10th District congressional hopeful John Flora says that while her remarks were probably insensitive, he doesn’t agree with the elected leaders calling for a school board trustee to resign over a deleted Facebook post many referred to as anti-Semitic.
By John Heinis/Hudson County View
“Rather than hastily demanding her resignation this was an ideal moment for our locally elected to sit down with Mrs. Terrell, clarify her statements, and be prepared to demonstrate empathy,” Flora said in a statement.
“Was she still processing the event? Did it traumatize her? Did it remind her of years of trauma that her Greenville neighbors experienced?”
Earlier this month, Jersey City Board of Education Trustee Joan Terrell-Paige posted on Facebook that members of Greenville’s Jewish community were “brutes” for the way they acquired property and forced African Americans out of their homes, as HCV first reported.
“Where was all this faith and hope when Black homeowners were threatened, intimidated, and harassed by I WANT TO BUY YOUR HOUSE brutes of the jewish community? They brazenly came on the property of Ward F Black homeowners and waved bags of money,” the post said.
The comment, which was on a Facebook thread, came less than a week after a December 10th domestic terrorist incident in Jersey City, which authorities said was motivated by anti-Semitic and anti-law enforcement beliefs, claimed four innocent lives.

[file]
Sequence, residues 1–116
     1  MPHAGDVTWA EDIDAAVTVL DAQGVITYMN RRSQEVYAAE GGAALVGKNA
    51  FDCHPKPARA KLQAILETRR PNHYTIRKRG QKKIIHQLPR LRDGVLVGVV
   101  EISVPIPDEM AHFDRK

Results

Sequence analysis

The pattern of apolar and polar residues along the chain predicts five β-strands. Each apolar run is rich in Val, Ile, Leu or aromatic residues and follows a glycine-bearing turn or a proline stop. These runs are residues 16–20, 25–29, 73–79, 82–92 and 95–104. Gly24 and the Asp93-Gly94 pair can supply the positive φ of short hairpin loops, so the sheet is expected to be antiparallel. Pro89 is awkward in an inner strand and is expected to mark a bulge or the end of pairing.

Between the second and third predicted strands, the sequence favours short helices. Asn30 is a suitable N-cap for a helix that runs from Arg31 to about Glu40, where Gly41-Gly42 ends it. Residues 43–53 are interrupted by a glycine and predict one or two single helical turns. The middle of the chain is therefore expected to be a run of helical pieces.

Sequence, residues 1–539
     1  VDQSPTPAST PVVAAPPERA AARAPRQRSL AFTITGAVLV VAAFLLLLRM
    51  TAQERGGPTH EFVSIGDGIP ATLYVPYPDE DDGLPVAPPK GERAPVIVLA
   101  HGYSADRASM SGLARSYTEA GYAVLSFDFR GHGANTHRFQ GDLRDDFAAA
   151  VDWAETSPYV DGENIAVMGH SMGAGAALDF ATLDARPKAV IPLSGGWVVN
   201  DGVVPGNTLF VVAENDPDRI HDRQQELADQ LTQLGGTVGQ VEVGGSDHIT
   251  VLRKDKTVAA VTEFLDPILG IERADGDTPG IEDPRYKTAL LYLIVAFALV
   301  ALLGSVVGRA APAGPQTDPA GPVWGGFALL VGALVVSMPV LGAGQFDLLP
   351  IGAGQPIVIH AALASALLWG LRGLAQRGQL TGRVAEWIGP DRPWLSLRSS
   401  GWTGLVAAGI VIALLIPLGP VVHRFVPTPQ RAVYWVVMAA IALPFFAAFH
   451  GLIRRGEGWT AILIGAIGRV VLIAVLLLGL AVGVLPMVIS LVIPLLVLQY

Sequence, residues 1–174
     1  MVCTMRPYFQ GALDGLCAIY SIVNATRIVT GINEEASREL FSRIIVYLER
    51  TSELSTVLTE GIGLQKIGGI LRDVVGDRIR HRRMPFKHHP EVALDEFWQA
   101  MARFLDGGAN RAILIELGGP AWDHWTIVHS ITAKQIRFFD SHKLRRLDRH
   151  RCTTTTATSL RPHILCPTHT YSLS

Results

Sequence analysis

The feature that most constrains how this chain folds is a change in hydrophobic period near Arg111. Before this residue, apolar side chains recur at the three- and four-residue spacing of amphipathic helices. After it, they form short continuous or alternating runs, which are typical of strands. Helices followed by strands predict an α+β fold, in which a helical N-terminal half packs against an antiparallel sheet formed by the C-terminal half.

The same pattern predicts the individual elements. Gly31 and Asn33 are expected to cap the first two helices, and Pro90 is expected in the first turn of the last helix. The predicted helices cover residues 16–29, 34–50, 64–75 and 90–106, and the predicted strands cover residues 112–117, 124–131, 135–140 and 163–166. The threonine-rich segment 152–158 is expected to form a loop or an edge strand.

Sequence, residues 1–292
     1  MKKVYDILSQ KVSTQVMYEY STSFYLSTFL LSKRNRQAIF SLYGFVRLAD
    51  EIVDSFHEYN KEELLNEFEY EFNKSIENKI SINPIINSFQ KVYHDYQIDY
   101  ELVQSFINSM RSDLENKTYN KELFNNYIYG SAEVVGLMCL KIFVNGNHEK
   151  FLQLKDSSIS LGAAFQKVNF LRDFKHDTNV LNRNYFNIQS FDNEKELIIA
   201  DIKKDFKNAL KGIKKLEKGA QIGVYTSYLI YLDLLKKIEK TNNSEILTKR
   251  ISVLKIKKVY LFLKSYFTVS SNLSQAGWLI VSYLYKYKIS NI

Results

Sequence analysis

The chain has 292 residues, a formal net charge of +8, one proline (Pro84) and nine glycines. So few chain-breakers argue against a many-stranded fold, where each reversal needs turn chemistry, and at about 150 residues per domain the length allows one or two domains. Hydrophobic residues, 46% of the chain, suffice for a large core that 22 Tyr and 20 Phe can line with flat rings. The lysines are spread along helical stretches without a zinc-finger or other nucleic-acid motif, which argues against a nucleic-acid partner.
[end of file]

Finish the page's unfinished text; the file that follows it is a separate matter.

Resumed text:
Mayor Steven Fulop immediately called for Terrell-Paige to step down, with Gov. Phil Murphy, Jersey City Education Association President Ron Greco, Ward E Councilman James Solomon, New Jersey State Democratic Committee Chair John Currie, BOE Trustee Mussab Ali, and Assemblymen Nick Chiaravalloti (D-31), Raj Mukherji (D-33), and Gary Schaer (D-36) all following suit.
On the other hand, the Hudson County Democratic Organization Black Caucus expressed a sentiment along Flora’s mindset, indicating that while Terrell-Paige’s delivery was poor, her statement still “heightened awareness around issues that must be addressed.”
Flora, a Greenville native who is also a Jersey City teacher, further explained why he felt her comments had some real value.
“I can see why some people said her comments lacked sensitivity. She shouldn’t have directly asked ‘what is the message [that the shooters] were sending?’ But there still remains a bigger conversation to be had by the city and the school district alike,” Flora stated.
“The black community has been plagued by violence and a sense of abandonment for decades. Tragedies happen all the time in certain areas of Jersey City without any national attention. There is an outcry for help here we can no longer ignore.”
A school board meeting had been scheduled for December 19th, with the board slated to vote on a non-binding resolution to censure Terrell-Paige, as well as requesting her resignation.
However, that meeting was cancelled due to “potential security risks,” while public meetings for December 23rd and December 30th were also called off.
The board is set to convene next at the Public School No. 41, located at 59 Wilkinson Ave., on Thursday at 6 p.m. This will be their annual reorganization meeting to select a new president and vice president.
Prior to the meeting, a 5:30 p.m candlelight vigil in front of the school will allow residents to voice their support for Terrell-Paige to remain on the board. Her term expires at the end of 2020.
Flora has already announced his intentions to run against U.S. Rep. Donald Payne (D-10) in the June Democratic primary.